Tuesday, 23 February 2016




Sometimes when I have nothing to do, I look through my old undergrad assignments. I know, what a nerdy thing of me to do. Last week I had one of my nostalgic academic sessions and came across a final paper from a fourth year course on Maria Montessori and her decision to work with Fascist dictator, Benito Mussolini. You may have heard of and seen Montessori schools before. Her teaching methods are based on the idea that children should not be completely dependent on adults, but should instead learn through sight and touch. 

Maria Montessori. Source. 

Benito Mussolini. Source.

Now why would I write a paper on two very different personalities and why I am spotlighting them, (although I really want to focus on Montessori), in this month’s Walk of Fame article? 

Maria Montessori was a very influential and dedicated woman. She was determined to implement her teaching methods all over the world so that children everywhere could benefit from them. After she graduated from her technical studies, she decided to enter medical school. Although she was denied entrance into the University of Rome, she reapplied and became the first woman to obtain a medicine degree from that university. Still, in the classroom she was met with hostile attitudes and often faced discriminatory regulations. In 1897, she decided to work as a voluntary assistant at the university psychiatric clinic. There, she became interested in working with children with disabilities. In 1901 she and Dr. Montesano (Montessori’s lab partner whom she fell in love with) worked in a “Orthophrenic School,” where children with disabilities excelled in their studies. This would lead Montessori to establish a “Casa dei Bambini” (Children House) in 1907 where she would use her teaching method on children that did not have disabilities.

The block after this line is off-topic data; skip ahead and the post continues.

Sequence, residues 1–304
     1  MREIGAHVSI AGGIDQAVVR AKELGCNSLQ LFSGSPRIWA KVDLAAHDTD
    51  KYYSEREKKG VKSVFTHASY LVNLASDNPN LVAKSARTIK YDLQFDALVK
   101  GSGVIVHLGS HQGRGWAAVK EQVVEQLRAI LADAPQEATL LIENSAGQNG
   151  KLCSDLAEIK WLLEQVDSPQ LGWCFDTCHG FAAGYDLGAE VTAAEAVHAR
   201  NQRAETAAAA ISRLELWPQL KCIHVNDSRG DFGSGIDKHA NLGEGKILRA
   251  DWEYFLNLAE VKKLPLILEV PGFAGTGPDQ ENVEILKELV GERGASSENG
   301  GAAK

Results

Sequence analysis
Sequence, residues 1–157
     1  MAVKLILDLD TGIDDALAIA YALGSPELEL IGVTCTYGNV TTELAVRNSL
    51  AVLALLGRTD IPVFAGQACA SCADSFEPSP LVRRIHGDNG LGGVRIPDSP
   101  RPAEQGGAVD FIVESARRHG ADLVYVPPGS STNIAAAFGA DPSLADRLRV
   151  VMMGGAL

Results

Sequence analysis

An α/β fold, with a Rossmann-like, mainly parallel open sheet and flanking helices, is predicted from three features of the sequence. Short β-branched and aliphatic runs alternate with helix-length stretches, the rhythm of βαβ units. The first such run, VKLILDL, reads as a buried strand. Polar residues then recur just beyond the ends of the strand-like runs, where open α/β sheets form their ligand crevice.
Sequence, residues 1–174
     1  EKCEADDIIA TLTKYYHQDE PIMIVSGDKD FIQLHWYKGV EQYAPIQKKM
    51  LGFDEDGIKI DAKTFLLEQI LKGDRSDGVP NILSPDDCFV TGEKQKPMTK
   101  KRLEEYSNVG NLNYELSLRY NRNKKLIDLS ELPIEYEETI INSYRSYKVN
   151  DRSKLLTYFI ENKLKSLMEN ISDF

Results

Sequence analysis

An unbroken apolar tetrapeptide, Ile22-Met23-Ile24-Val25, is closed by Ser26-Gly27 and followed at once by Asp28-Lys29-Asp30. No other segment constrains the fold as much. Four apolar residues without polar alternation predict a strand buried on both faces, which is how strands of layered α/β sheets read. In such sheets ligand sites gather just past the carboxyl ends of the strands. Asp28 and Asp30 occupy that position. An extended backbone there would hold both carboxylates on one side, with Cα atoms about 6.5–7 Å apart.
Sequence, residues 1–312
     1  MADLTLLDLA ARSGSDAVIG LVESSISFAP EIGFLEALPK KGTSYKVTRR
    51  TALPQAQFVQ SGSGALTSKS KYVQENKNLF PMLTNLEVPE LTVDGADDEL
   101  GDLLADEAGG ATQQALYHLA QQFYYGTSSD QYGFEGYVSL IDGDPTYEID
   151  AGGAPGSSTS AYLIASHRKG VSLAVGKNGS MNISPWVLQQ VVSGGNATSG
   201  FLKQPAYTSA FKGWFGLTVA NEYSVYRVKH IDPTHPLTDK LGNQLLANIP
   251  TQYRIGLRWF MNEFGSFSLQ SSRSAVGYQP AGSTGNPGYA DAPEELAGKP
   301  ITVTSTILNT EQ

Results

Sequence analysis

A Montessori School. Source. 

Although her work and schools gained international recognition, her methods were never really fully adopted in Italy, her home country. It was her dream to have this realized and it was Mussolini who offered to realize this dream. In fact, 74 Montessori schools were opened in Italy. Mussolini, however, had different intentions. He wanted to use her recognition to his benefit. Eventually, as Montessori realized what he was trying to do, she denounced Fascism. The Fascist Regime closed down all Montessori schools in Italy in 1934.   

It was very odd that two individuals with such different objectives were to work with one another. Mussolini was all about regimenting the children, while Montessori was about freeing their learning habits. What I argued in my paper is that rational people will often fall to irrational people and that is what happened in this case. In order to really understand and assess the situation, however, we really need to think about what the political, economic and social conditions were like.

I decided to dedicate this month's article to Montessori because I did some research and found out that the Association Montessori Internationale’s headquarter office, located in Amsterdam, has recently acquired the property attached to it. It will be made into the “Maria Montessori House,” which will be a museum, research centre and archive. It will need to be stripped down as it is an 100-year-old house. The head office is actually where Montessori last lived. If you would like to find out more information, click here

Until next time! 

Sources Consulted: 

Association Montessori Internationale. (2016). “Legacy.” Retrieved from http://ami-global.org/ami/what-is-ami/legacy 

Barbosa, Amanda. (2013). Final Essay: Maria Montessori. Unpublished Paper, York University.

Babini, Valeria. (2000). Science, Feminism and Education: The Early Work of Maria Montessori. History Workshop Journal, 49, 44-67.

Hall, Clifton L. (1953). The First Lady of Education. History of Education Journal, 4 (4), 124-128.

Kramer, Rita. (1983). Maria Montessori: A Biography. New York: Addison-Wesley Publishing Company, Inc.

Montessori, Maria. (1964). The Montessori Method. New York: Schocken Books Inc.

Thayer-Bacon, Barbara. (2011). Maria Montessori: Education for Peace. Journal of Peace Education and Social Justice, 5 (3), 307-319. 

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